Dry Eye Treatment in Encino & West Hills, CA
The treatment of dry eye continues to be a difficult challenge for eye care practitioners. In particular, although we know the anatomy of the tear film and the methods needed to diagnose dry eye, we often cannot provide treatment that relieves symptoms for our patients. Many patients complain bitterly about burning, scratching and irritation, yet their symptoms don’t correlate with significant abnormal finding on their examination.
Often patients become frustrated with their ophthalmologist, and often the ophthalmologist becomes frustrated with the patients. As ophthalmologists, we want to help our patients to the best of our ability, so we become concerned when we are unable to alleviate the symptoms that make our patients miserable and are unable to find the typical signs of dry eye that we look for when we examine patients. In fact, Dr. Aizuss finds himself frequently having to tell his patients that the good news is that the surface of their eye looks fine. However, that is also bad news, since patients don’t come to the office for their entertainment. Patients come to the office because they are not feeling well and their discomfort is impacting their lives.
Dry Eye & Pain
In 2009, Perry Rosenthal MD observed what they diagnosed as corneal neuralgia, which they termed, “pain without stain” because there was not the usual staining or stippling of the cornea that is often seen in dry eye patients. They speculated that the pain symptoms could be a neuropathic pain, as opposed to qualitative or quantitative disturbance of the tear film. Dr. Rosenthal later determined that nerves in the eye are critical to the proper functioning of the eye because they provide feedback on the functioning of the tear film. These nerves could become dysfunctional, causing increased sensitivity of the eye’s natural alarm system, and sending pain signals that are disproportionate to the physical findings. In fact, there may be no physical findings at all!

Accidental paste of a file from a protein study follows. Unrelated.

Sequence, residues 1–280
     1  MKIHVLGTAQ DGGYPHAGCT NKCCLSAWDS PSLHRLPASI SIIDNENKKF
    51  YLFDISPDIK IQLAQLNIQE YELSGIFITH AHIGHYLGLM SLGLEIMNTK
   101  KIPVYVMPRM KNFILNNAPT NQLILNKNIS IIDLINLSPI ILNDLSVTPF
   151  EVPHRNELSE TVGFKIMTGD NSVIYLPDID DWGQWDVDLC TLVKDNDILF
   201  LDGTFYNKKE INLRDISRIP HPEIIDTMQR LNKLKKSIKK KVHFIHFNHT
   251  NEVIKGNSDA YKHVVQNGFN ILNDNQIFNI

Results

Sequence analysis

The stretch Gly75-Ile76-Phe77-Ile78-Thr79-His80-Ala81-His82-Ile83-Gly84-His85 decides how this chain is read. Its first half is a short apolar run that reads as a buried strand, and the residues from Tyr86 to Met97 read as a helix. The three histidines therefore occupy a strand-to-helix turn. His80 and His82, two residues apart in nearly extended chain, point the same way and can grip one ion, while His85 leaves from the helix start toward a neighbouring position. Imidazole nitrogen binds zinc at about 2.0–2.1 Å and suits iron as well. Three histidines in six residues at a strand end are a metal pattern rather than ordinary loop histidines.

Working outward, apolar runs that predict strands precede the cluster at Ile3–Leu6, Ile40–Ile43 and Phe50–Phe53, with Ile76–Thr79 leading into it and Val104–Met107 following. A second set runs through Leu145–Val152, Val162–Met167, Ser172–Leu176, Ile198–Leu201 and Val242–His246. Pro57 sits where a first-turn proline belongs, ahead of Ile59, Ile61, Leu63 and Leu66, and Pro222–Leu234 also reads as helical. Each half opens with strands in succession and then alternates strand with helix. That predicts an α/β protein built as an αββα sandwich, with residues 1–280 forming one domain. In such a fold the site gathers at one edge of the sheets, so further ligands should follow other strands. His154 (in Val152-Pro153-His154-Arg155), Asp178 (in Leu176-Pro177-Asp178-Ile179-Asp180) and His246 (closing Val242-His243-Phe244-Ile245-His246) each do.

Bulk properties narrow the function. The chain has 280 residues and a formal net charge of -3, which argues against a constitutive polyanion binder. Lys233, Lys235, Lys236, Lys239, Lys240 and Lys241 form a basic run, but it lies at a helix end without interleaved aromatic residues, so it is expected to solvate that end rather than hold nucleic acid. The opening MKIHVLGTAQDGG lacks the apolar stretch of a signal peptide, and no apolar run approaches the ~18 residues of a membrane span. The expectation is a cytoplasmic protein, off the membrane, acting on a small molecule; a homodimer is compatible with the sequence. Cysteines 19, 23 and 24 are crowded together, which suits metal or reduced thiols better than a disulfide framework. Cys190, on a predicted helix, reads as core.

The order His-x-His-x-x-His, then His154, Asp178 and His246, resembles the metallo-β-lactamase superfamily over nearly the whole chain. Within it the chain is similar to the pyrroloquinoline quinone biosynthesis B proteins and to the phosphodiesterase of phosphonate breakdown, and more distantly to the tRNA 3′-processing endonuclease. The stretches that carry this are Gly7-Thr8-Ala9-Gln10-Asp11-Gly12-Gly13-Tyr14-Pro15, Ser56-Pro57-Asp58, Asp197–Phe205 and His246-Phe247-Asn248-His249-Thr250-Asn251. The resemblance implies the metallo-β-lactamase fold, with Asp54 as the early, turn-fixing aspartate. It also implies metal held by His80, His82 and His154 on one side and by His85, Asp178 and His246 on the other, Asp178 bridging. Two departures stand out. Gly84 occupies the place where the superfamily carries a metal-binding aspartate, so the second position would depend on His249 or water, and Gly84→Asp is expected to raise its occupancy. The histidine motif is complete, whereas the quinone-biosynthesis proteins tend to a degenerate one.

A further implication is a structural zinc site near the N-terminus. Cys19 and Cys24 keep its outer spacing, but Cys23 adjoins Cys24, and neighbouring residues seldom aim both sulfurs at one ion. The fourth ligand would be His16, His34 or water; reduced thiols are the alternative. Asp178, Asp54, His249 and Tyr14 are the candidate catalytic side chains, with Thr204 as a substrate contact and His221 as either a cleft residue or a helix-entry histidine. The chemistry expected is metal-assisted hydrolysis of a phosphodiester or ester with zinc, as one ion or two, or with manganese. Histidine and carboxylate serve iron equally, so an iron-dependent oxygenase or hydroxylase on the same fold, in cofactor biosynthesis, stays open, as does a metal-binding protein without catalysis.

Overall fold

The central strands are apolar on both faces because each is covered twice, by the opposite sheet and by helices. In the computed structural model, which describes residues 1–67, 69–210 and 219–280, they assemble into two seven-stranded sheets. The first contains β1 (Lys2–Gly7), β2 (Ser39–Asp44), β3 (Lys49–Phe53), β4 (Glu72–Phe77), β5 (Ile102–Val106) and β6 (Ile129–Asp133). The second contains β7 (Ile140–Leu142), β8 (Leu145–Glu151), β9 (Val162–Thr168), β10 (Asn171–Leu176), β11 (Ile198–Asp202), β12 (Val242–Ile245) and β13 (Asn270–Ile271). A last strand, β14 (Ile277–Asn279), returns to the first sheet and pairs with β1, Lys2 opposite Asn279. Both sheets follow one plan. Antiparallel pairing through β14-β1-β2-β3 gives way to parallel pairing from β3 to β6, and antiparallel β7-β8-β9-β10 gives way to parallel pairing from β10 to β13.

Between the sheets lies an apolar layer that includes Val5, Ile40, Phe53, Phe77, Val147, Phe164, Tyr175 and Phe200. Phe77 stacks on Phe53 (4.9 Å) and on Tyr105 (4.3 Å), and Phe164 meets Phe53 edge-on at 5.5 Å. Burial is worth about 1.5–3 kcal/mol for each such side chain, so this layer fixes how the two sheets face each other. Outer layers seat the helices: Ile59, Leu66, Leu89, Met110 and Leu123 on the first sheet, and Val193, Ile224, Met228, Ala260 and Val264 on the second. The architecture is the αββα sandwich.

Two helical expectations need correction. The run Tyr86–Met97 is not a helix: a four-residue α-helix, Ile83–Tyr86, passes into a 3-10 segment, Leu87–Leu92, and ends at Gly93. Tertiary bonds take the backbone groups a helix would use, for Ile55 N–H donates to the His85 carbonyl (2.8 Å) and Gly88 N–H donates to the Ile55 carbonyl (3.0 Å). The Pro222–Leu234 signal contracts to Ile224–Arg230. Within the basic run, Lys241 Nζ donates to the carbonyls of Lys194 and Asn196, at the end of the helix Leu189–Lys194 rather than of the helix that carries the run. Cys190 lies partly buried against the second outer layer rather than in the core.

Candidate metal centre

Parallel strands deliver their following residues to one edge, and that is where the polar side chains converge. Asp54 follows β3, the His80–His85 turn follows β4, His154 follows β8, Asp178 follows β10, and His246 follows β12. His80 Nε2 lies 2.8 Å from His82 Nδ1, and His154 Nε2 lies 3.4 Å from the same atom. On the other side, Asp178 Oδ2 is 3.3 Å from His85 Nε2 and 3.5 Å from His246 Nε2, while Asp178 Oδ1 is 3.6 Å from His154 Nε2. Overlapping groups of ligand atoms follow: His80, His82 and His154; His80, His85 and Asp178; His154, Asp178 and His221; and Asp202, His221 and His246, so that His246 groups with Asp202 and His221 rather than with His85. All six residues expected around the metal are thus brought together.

The dry eye community of doctors and patients has become increasingly interested in the neuropathic dry eye. Neurosensory abnormalities are now specifically listed as a cause of dry eye. However, at this time there are no dry eye therapies that specifically target neuropathic pain related to dry eye. As a result, marijuana and its derivatives, such as tetrahydrocannabinol (THC), the main ingredient in recreational and medical marijuana, are becoming of interest in the treatment of dry eye related neuropathic pain.
Cannabinoid receptors are known to modulate pain and inflammation and are located throughout the eye, including in the corneal surface cells and the retina. They are also on immune cells and may play a role in wound healing. It is difficult to perform research on this in the United States due to the stance of the federal government on the legality of marijuana, even while various states have passed laws that legalize marijuana for both medicinal and recreational use. Research is underway in Germany to further clarify the role of cannabinoid compounds in the treatment of dry eye neuropathic pain.
Marijuana and Dry Eye
Smoking marijuana or eating marijuana edibles is not a practical method of treating ocular disease. These systemic methods of consumption produce unpredictable doses with a variety of often unwanted side effects. As a result, most professional organizations, such as the American Academy of Ophthalmology, have taken positions opposed to the use of systemic THC treatments for ocular conditions. Cannabinoid eye drops are under investigation and development, but have proven difficult to formulate as it is difficult to produce eye drops that can get the THC into the target ocular tissues. Studies in Europe have demonstrated that there is a vehicle that may adequately deliver THC to the ocular surface, and that shows promise in improving both pain scores and the severity of the ocular surface disease. In addition, these same studies show the linkage between patients with clinical depression and ocular surface disease. We look forward to the publication of these studies and the development of THC based therapies in the United States that may benefit our dry eye patients.